Iremember the first time I saw Fox Island in the fall of 1981. I went down as Assistant Manager
for piecemeal trips at first. I was sort of a free
agent and wasn’t rooted to one particular spot.
To get out there, we took a wide, flat boat
that just slid through the water. The others
onboard were all excited to go out and I could
tell they knew it would be dramatic for me.
When Fox came into sight, I could see this little spot building on the horizon like a mirage.
It got bigger and bigger and stood out there
so starkly. I was really struck by how cool and
unique the place was. I think it has an impact
on students, approaching this place they are
going be for a while and to see it emerge on
the water is pretty dramatic.
Because it is isolated and so different from
where people live, I quickly learned that Fox
has had a transformative ability, beyond any
place I’ve ever tried to inspire people to be
connected to nature. When students are not
in their normal routine, they are more engaged
and I just thought it was a phenomenal place
to do environmental education. Kids would
connect with you right away and were very
touched and inspired by the island.
We did a lot of experiential, hands-on, sensory
programming. We’d get them out on a marsh
get them to lay down and listen and absorb
the sight, smells, and sounds. There was a
great grass bed right out from Fox so we could
take the boat and run a grass net and pull in
the rich life.
We did oyster raking, or tonging, to experience the hard, manual labor there, and set
crab traps as well. We were trying to have
them understand the tools of the trade and the
physical demands of the life of a waterman.
We usually did one long beach walk and
sometimes they’d find arrowheads. We talked
about American Indian history and how they
used the Bay and its resources.
We’d do a marsh mucking if the group and
teacher were game and would really get into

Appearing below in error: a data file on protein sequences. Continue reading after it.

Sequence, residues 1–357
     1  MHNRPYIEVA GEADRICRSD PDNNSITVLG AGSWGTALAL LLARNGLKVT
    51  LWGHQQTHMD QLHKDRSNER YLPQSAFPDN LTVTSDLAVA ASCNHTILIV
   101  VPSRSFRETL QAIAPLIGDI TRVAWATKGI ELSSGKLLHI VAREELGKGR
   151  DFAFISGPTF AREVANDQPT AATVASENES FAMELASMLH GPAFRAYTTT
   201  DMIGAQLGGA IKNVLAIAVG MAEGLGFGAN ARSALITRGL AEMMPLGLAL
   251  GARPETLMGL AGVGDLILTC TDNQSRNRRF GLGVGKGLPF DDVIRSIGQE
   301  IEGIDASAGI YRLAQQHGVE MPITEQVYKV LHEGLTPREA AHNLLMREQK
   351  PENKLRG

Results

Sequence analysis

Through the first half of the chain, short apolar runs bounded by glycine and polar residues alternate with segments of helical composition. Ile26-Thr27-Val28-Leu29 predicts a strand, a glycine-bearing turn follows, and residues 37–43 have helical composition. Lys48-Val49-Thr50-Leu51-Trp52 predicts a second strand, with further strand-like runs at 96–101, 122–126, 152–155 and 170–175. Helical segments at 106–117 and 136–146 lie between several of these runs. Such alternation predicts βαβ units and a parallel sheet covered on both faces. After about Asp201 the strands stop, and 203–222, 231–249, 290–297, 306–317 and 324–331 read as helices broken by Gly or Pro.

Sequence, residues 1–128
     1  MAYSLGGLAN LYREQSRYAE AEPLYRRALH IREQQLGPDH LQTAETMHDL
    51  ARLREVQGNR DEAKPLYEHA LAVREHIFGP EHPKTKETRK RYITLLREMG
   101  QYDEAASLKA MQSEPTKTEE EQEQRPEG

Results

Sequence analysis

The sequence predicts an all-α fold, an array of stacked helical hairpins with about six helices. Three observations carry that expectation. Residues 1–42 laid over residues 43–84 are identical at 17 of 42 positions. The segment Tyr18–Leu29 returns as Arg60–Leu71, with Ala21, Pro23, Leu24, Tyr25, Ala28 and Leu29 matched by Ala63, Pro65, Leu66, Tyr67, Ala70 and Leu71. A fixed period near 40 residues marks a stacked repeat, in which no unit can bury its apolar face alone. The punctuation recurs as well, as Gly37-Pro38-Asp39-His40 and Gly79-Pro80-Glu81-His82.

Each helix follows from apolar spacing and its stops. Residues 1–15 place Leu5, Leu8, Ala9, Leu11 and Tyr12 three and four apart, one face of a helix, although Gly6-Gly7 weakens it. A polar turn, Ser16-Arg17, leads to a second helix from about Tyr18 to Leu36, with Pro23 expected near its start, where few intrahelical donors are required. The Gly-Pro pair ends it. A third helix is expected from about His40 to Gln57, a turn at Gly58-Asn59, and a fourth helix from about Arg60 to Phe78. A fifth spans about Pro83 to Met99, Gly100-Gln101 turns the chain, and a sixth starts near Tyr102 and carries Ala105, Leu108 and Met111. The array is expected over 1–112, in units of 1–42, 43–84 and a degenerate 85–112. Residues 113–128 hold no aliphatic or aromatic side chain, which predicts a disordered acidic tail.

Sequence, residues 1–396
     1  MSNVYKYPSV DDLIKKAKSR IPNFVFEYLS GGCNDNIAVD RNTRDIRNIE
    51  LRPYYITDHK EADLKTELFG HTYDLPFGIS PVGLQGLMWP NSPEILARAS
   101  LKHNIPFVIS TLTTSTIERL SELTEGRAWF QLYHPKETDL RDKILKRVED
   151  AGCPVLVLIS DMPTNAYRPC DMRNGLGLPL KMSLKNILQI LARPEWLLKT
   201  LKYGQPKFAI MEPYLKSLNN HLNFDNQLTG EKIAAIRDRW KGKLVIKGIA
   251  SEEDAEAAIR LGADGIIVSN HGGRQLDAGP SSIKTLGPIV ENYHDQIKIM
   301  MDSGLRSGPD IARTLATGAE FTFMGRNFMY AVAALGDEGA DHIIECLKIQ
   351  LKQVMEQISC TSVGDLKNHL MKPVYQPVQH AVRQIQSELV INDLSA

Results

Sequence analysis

that. We would get down on our bellies, be
muskrats in the marsh and really travel in the
mud. We’d get pretty muddy.
The physical reality at Fox was pretty stark and
challenging at the time. We had these things
called “destroilets.” They were propane-fired
toilets and the concept was that when you put
the lid down, a flame burns the waste. This
brought a lot of merriment to the kids.
The challenge to personal comfort was one of
the things that made the students really receptive to learning. At the very end of the trip, we
would sit around and pose questions meant to
be evocative and what you’d get from students
was phenomenal. They had a life-changing
experience and understood the Bay as a living
thing and they had a deeper connection to it.
Since working at CBF, the urgency of the environmental issues and need to connect people
to the environment and understand and care
about it is the biggest thing on my mind to this
day. It was a pivot point for me and showed
that you can transform people’s lives and open
their eyes to nature.
Cindy Dunn is Secretary of
the Pennsylvania Department
of Conservation and Natural
Resources and a former
Cindy Dunn, Pennsylvania’s Secretary of the Department of Conservation and Natural Resources
and former CBF educator on Fox Island, enjoys fishing in local rivers and streams.
Cindy Dunn recalls her first glimpse of Fox Island, which is celebrating its 40th year as a
CBF Education Center: “When Fox Island came into sight, I could see this little spot building
on the horizon like a mirage. It got bigger and bigger and stood out there so starkly.”
The “destroilets” Cindy remembers were upgraded to composting toilets shortly after her time at Fox.
A Spot on
By Cindy Dunn
18 Fall 2016 l cbf.org